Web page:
We’ve known for some time that Mike Krzyzewski was headed to the Summer Olympics in Rio de Janeiro, which are now less than three weeks away. We also assumed Clayton’s Johnny Dutch and Keni Harrison, the 2014 U.S. champion in the 400-meter hurdles and American record-holder in the 100-meter hurdles, would be there as well.
Both Dutch and Harrison were upset at the U.S. track trials, leaving the Triangle short of two potential medalists (Dutch announced his retirement afterward). Durham’s Megan Easy, a silver medalist in London in women’s volleyball, didn’t make that team because of injury. Same for Raleigh’s John Wall in men’s basketball.
While the list of those who aren’t going to Rio is longer than expected, there’s no shortage of other Olympians. Former Duke fencer Ibtihaj Muhammad will be one of the biggest stories of the games, the first American woman to compete wearing a hijab, the Muslim head scarf. Krzyzewski is missing LeBron James, Steph Curry, Wall and a host of other stars, but Kyrie Irving and Harrison Barnes will put aside their college and NBA rivalries as U.S. teammates.
The U.S. women’s soccer team has its usual contingent of Tar Heels, but no American team is as heavy on players with Triangle connections as the U.S. field hockey team. And Duke’s Abby Johnston, a diving medalist in London, is back again.
Sign Up and Save
Get six months of free digital access to The News & Observer
Even without some of its most familiar Olympic names, the Triangle has a chance to make global news in Rio.
Luke DeCock: 919-829-8947, email@example.com, @LukeDeCock
Irving and Barnes have been linked since they arrived at North Carolina and Duke in 2010, even if they never faced each other in college. They have in the NBA, most notably in this year’s NBA Finals, and now they’re part of a short-handed American squad that will attempt to deliver Krzyzewski a third straight gold medal in the Duke coach’s final – and presumably most difficult – go-round with Team USA.
Former Duke women’s basketball star Lindsey Harding is playing, but not for her native country: She’s a naturalized citizen of Belarus. Duke assistant coach Jeff Capel and video coordinator Kevin Cullen are also part of the U.S. staff.
SWIMMING & DIVING
After winning silver in synchronized diving in London, the first American diving medal in 12 years, Duke graduate and medical student Johnston qualified for Rio on her own in the 3-meter springboard, accompanied by Duke coach Nunzio Esposto.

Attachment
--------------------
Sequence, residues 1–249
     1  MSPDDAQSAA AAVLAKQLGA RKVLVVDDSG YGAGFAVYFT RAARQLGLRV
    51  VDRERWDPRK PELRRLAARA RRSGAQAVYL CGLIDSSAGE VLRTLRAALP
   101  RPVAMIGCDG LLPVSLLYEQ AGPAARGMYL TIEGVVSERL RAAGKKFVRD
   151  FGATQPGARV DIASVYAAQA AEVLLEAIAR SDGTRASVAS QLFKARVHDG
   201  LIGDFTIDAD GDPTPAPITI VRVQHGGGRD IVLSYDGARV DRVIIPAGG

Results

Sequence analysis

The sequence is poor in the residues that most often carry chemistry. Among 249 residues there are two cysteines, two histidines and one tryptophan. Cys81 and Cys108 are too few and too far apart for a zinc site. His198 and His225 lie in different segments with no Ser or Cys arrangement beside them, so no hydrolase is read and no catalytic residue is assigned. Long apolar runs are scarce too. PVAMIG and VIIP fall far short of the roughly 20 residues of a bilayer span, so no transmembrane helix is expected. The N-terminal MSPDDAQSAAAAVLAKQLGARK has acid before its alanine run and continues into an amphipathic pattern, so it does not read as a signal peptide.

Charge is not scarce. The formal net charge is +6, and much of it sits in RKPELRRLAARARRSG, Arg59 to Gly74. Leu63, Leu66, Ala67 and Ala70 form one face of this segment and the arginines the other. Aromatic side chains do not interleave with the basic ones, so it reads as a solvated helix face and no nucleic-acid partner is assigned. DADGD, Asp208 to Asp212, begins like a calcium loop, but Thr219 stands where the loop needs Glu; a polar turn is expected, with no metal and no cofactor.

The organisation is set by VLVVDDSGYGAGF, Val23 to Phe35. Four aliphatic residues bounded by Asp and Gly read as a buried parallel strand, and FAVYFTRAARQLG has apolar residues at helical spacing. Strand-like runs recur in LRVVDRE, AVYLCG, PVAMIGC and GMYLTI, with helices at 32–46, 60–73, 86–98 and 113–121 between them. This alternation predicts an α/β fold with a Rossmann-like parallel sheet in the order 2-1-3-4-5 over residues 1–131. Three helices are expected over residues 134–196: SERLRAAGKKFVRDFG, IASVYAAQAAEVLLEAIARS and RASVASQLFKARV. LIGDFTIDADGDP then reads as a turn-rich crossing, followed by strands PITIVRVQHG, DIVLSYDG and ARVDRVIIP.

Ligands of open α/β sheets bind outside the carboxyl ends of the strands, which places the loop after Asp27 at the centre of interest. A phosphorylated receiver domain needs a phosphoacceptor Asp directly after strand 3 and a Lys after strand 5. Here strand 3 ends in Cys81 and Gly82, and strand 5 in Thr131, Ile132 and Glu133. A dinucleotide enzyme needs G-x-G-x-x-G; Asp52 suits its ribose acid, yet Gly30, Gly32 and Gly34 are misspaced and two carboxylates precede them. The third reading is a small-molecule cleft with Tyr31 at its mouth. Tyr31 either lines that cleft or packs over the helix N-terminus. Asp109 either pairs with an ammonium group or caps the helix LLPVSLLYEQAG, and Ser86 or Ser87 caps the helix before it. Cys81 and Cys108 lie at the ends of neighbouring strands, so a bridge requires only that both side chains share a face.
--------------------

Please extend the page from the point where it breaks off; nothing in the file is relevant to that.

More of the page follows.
Basketball Kyrie Irving (U.S.), Harrison Barnes (U.S.), Lindsey Harding (Belarus)
Diving Abby Johnston (U.S.)
Swimming Ryan Held (U.S.), Soren Dahl and Anton Ipsen (Denmark), Simonas Bilis (Lithuania).
Fencing Ibtihaj Muhammad (U.S.)
Ryan Held was a surprise third-place finisher in the 100m freestyle at the Olympic Trials, earning the N.C. State rising junior a trip to Rio as part of the U.S. freestyle relay team. The Wolfpack also has Soren Dahl and Anton Ipsen competing for Denmark and Simonas Bilis, the 2016 ACC male swimmer of the year, for Lithuania.
TRACK & FIELD
The absence of Dutch, Harrison and hurdler Bershawn “Batman” Jackson leaves a big void, filled in part by Ronnie Ash, who learned to run the hurdles in the one year he spent at Knightdale High School in 2008 and qualified for Rio in the 110-meter hurdles.
St. Augustine’s track coach George Williams is sending three men and one woman to the games: Raleigh’s Burkheart Ellis Jr. for Barbados, Roxroy Cato for Jamaica and Jeffrey Gibson for the Bahamas along with Barbados’ Tia-Adana Belle.
North Carolina graduate Shalane Flanagan, a bronze medalist in the 10,000 meters in 2008, is headed to her fourth Olympics, competing in the marathon for the second time and Duke graduate Shannon Rowbury is headed to her third Olympics in the 1500 meters.
Muhammad, who graduated from Duke in 2007, has already appeared on the talk-show circuit and will be a major feature of NBC’s coverage of the games as she competes in the sabre. Named one of Time Magazine’s 100 most influential people of 2016, Muhammad has an outside shot at a medal but will be a compelling storyline either way.
North Carolina always makes up a healthy portion of the U.S. Women’s National Team, and the Olympics are no exception, with five Tar Heels on the roster: Crystal Dunn, Whitney Engen, Tobin Heath, Meghan Klingenberg and Allie Long.
North Carolina also has two alternates traveling to Rio with the team: three-time gold medalist Heather O’Reilly and Ashlyn Harris. North Carolina’s Katie Bowen will play for New Zealand and Duke’s Rebecca Quinn for Canada.
The Triangle’s Olympic team: Seven of the 16 players on the roster either grew up here or went to college here. That list starts with Chapel Hill’s Michelle Kasold, a two-time Olympian who played at Wake Forest. There are also five players from North Carolina (Jaclyn Briggs, Rachel Dawson, Katelyn Falgowski, Kelsey Kolojejchick and Caitlin Van Sickle) and one from Duke (Stefanie Fee).
Less than a month after qualifying for Rio in the 10-meter air rifle, N.C. State rising senior Lucas Kozeniesky won his first national championship in that event. No American man has ever won an air-rifle medal, so Kozeniesky has a chance to make history.
Duke’s powerful women’s golf program qualified two players for golf’s return as an Olympic sport: 2014 graduate Laetitia Beck (Israel) and rising sophomore Leona Maguire (Ireland).
2016 Summer Olympics
Where: Rio de Janeiro, Brazil
When: Aug. 5-21
Who: More than 10,000 athletes competing in 42 sports